“I wasn’t sure exactly why I did that,” exclaims Katrina Parry on her mid-morning dip into the sea just to the south-west of Tokyo. “I knew it wasn’t a patch on my hometown beach back in South Australia, but I’m glad I now have a definitive marker for the bottom end of my swimming experiences.”
Parry was speaking after spending twenty minutes in the water dodging plastic wrappers, cigarette stubs, and a variety of miscellaneous refuse. The culture-shock continued back on the beach, however, where she found herself in the company of day-drinking smokers seemingly do their darndest to turn the beach into an inner-city slum.
“I try to explore all parts of the places where I live, so I considered a swim here part of living in Tokyo,” she said while being ogled by an inebriated part-time construction worker, “I think twenty minutes of a definitely never to be repeated experience is quite enough though.”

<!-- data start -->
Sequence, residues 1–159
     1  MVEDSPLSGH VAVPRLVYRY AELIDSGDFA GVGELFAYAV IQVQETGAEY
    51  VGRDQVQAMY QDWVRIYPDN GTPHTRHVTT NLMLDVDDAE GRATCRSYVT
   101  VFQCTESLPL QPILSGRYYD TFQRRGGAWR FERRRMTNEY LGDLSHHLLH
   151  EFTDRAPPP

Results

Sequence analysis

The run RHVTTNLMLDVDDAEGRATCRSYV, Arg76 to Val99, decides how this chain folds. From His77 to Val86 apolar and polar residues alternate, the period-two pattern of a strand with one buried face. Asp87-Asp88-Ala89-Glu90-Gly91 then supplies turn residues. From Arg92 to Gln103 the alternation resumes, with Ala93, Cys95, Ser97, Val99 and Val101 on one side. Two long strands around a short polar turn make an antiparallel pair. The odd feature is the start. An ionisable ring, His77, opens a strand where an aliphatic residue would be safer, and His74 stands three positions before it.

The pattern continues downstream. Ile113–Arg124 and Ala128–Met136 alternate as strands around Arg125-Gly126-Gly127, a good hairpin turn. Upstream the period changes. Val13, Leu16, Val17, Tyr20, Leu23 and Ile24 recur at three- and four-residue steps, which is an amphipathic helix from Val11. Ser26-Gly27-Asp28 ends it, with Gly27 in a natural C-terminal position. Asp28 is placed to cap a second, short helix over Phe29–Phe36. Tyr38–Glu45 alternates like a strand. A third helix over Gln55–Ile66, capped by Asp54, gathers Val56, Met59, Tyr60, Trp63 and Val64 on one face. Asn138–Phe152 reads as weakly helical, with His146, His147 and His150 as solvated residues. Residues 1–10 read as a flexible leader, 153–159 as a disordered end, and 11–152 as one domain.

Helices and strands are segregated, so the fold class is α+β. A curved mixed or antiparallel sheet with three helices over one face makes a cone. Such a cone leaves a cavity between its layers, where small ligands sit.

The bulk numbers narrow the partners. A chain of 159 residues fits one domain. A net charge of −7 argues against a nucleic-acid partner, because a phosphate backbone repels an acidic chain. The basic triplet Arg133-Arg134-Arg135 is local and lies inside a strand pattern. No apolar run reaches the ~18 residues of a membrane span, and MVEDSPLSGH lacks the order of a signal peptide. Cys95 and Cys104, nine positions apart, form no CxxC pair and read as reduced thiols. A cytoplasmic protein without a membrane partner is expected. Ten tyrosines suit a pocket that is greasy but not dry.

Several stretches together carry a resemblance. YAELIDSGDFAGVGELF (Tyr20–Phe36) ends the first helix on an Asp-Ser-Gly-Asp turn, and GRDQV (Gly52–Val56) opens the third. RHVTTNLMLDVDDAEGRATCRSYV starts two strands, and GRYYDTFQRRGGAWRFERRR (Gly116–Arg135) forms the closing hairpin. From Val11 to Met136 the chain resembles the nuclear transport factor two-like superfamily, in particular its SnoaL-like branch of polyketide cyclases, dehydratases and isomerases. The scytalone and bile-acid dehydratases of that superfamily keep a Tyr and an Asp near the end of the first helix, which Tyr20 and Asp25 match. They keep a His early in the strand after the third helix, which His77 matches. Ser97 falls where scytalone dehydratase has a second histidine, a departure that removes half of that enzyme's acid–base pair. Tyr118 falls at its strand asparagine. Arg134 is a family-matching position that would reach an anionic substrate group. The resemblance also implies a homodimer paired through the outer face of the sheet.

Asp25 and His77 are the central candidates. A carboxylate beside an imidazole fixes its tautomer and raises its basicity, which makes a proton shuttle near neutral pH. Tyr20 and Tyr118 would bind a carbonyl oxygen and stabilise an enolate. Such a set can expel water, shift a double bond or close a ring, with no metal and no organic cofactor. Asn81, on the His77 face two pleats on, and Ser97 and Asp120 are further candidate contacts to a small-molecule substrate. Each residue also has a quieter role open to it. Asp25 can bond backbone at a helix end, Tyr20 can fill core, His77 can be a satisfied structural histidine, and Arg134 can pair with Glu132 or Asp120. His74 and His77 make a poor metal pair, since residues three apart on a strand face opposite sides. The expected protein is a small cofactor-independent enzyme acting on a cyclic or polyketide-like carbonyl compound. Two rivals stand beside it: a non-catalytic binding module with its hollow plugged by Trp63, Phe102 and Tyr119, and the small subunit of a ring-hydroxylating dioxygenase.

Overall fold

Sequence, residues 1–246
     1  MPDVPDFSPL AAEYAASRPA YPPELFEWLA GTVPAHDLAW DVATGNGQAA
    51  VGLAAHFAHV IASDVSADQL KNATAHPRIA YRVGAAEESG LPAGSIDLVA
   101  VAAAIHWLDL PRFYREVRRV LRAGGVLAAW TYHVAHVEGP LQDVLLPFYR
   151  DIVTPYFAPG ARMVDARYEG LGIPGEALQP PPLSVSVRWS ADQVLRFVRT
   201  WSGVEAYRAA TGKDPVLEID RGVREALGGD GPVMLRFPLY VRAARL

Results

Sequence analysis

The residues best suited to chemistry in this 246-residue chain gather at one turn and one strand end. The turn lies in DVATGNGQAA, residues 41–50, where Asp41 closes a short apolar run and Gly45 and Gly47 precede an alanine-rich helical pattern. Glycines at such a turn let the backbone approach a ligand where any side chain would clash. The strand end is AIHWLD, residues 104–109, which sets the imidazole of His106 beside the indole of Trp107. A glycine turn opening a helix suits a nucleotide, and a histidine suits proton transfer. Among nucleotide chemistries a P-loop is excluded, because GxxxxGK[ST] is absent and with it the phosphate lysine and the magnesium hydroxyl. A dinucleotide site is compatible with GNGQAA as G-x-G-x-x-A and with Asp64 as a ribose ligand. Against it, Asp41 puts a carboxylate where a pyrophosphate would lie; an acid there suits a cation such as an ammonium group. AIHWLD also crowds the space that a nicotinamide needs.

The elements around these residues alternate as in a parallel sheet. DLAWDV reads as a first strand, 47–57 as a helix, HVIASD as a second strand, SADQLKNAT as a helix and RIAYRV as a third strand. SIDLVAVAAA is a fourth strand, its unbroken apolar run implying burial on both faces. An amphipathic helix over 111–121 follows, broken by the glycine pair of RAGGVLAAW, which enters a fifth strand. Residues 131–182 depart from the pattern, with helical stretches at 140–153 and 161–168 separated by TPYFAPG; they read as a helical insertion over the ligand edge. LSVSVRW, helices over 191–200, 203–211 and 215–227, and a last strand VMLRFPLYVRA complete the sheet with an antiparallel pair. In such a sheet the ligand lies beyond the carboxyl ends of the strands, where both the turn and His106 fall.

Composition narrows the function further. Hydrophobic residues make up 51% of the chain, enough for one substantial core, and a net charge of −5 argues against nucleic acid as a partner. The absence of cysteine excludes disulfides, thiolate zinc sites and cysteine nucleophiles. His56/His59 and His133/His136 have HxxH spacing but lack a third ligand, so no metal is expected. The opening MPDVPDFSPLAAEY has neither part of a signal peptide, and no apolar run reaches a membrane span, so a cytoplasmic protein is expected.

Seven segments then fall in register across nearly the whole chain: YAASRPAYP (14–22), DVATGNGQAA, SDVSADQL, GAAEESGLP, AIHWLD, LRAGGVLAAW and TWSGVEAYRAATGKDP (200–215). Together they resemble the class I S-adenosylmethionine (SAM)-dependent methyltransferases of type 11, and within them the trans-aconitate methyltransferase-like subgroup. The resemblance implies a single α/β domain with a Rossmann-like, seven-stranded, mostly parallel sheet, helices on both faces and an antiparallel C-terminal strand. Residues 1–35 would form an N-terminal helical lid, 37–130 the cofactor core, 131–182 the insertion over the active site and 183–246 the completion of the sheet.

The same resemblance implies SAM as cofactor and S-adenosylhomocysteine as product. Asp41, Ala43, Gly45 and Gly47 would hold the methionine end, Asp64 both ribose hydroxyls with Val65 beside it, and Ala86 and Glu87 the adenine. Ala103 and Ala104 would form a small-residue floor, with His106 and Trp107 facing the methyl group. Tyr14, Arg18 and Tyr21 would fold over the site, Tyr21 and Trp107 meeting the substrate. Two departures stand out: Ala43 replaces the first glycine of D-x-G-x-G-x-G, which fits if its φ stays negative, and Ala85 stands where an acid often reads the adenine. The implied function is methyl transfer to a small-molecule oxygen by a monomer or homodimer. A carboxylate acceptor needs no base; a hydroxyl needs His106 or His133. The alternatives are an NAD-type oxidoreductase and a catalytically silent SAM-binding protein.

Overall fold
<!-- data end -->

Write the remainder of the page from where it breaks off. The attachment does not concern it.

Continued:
Gently, but firmly, telling American military types to leave her alone as she hurriedly towels herself off, Parry observes that the beach is a hive of activity. “It’s great that young people are free to come down here and relax in nature. They need a chance to break away from the concrete jungle, although they do a good job of turning this beach into a jungle, one that has become overwhelmed by humankind complete with quite a few of the things that I hate about modern society.”
Parry readily admits that, as an Australian, she is a beach-snob with high standards. She tries to be objective, reminding herself that it’s unfair to compare the beaches of Greater Tokyo with the beaches of Adelaide. “At the end of the day, there’s a dead-set certainty that I’ll be grossed out by some filth brushing against my leg in the water here, while in Australia there’s a one-in-ten million chance that I’ll be eaten by a shark. So, I need to be modest when making comparisons.”
Despite the general disappointment of her first big swim in Japan, Parry seems upbeat about the future of Shonan. “I think that one day this beach could be on par with beaches of Australia. All it would take would be a decade or two of a dozen new laws and city ordnance measures, a slight change in the attitudes of certain beachgoers, and… oh, who I am trying to kid!? We’ll be swimming on Mars before this place looks any good.”